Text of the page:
Your help is most appreciated steve. I’ll get that information as soon as I can. The files are on my laptop, as are more tools for working on them and I’m sure I can extract the information from them. I should have an update by tomorrow evening or Monday, just so you are not waiting for a reply.
I have read that mp3 encoding always introduces silence, which made me wonder… I guess the other publishers, where I don’t have this issue, convert the raw material to mp3 first, then cut it to pieces, while Universal cuts first and then converts to mp3? In that case, it would be just a matter of altering their workflow slightly to accommodate apparent fringe cases like myself. Even if they did do so though, I don’t assume they would re-do their current library just to be nice…

The whole thing isn’t urgent in any sense. I’m just puzzled as to why they would do what they are doing. I contacted Universal twice about it via email so far… the closest I got to an answer was a message saying that my request had been forwarded to the correct department - which probably was under “B” for “Bin”.

If they are encoded with LAME and if they do have the “gapless” tag, then you should be able to import them into “Audacity 3.0.3” with the “padding” trimmed off.

Audacity 3.0.3 has not yet been released, but there’s a pre-release AppImage available here that you could try:

If your MP3s are all in the same folder and are named in alpha-numeric order, then you can simply:
“File menu > Import”, then select all of the files and import them.
Then “Tracks menu > Align > Align End to End”
Then “Export” in your preferred format.

If your files are not in the correct alpha-numeric order, then you could create a “LOF” file like this:

file "test1.mp3"
file "test2.mp3"
file "test3.mp3"

Place the LOF file in the same folder as the MP3 files, and import the LOF.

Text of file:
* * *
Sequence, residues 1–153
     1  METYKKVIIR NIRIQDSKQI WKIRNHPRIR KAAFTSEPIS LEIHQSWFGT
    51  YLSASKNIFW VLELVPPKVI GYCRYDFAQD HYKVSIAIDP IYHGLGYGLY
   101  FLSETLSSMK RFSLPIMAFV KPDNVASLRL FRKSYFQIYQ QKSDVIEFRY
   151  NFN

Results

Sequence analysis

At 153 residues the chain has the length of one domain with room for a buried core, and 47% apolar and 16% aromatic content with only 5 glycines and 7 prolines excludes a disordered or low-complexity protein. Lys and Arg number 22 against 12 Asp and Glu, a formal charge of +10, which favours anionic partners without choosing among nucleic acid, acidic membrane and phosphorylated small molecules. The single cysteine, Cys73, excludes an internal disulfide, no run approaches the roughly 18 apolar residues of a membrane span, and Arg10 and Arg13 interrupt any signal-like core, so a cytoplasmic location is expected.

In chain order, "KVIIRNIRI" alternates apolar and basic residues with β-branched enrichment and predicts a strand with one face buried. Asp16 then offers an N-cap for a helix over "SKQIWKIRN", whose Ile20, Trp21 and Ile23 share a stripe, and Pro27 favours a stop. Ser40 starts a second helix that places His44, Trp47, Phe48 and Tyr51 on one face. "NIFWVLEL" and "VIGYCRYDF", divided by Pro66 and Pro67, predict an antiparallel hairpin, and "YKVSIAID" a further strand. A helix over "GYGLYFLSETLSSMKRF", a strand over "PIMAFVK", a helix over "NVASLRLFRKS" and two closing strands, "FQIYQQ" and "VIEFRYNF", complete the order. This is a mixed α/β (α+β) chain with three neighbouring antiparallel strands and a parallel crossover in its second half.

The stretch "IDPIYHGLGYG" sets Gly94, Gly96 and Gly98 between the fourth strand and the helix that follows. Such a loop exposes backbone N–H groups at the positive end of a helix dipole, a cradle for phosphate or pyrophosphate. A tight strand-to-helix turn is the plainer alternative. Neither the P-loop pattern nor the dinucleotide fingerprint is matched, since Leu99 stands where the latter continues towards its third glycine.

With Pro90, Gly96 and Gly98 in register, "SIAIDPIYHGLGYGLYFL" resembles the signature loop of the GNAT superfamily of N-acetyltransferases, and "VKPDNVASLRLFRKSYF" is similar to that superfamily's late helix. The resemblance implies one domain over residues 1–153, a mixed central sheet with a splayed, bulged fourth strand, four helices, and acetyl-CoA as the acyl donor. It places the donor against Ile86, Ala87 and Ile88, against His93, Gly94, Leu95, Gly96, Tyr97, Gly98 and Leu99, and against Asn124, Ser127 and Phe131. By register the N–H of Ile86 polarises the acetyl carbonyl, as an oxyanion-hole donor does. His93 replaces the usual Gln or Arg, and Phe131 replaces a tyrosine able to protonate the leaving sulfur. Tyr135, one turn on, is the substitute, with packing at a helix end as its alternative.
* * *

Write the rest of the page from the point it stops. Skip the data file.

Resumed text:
Again, thank you very much for your efforts. I have taken a look at the mp3s via “MP3 Diags”. It seems information about the encoder is not available and the “gapless” tag is not included. It is showing a “padding=100” tag though, but I’m not sure that has something to do with the silence in the file. I suppose if it were connected, it would refer to 100ms.
The files do have padding at the beginning and end, hence I’d expect 50 ms each if my theory was correct. Unfortunately, these figures don’t seem to relate to the file in any meaningful way, assuming they are measured in ms. The files are VBR which I assume could also be relevant here.

The more I analyse the cuts, the weirder they look to me. The spectrogram of one file in question shows about 25 ms of total silence in the front and about 15 ms in the back. However, they aren’t what I would call clean (0-width) cuts. You can see in the spectrogram that the audio actually seems to be “crushed” to 0 in the span of maybe 5 ms before the silence and subsequent cut, and inflated from 0 in about 15 ms after the silence and preceding cut (fade from red to blue and vice versa on all frequencies).

I’ll provide some screenshots for the curious in the coming days, if I manage it. I don’t think this is regular mp3 encoder behaviour but it is in line with what I have previously seen from this publisher.

MP3 is a very old format. Technically the issue is that the overall encoder / decoder delay is “not defined”, which is why there is “some” padding at the beginning but not a defined amount. Similarly, unless the decoder cuts off the end (which many do), there’s also “some” trailing silence. More modern codecs such as Ogg don’t have this problem.

It’s unfortunate that the stuff I’m interested in is not available in newer formats. As promised, I attached a file for the curious. That’s what all the cuts look like in structure (above: spectrogram, below: waveform)

The worst of them show spikes across the whole spectrum, audible as clicks at every cut, of which there are 12 in this particular episode.

Other publishers manage 0-width cuts just fine. So is Universal simply cutting the original file first and then converting to mp3, you reckon?

I guess I’m going to have to live with it or abstain from products published by this particular subsidiary of Universal Music, which is a shame, because the production company working with this publisher is producing very high quality content… and then it literally gets cut to pieces.
Universal Music - cut quality.png

Have you tried any of these programs?: Top 10 Free MP3 Joiner: How to Join MP3 Files for Free!

You could apply short fades to the start and end of the tracks. There will still be the gaps, but the fades should prevent loud clicks and so be less annoying.

Thank you very much jademan and steve for your suggestions, I’ll look into them. At the same time I’ll probably continue pestering the publisher about a one-track option because, and correct me if I’m wrong, there is no good reason for the cuts to look like that. In my opinion it is a problem with their order of operations.

Stay safe and have a good day everyone o7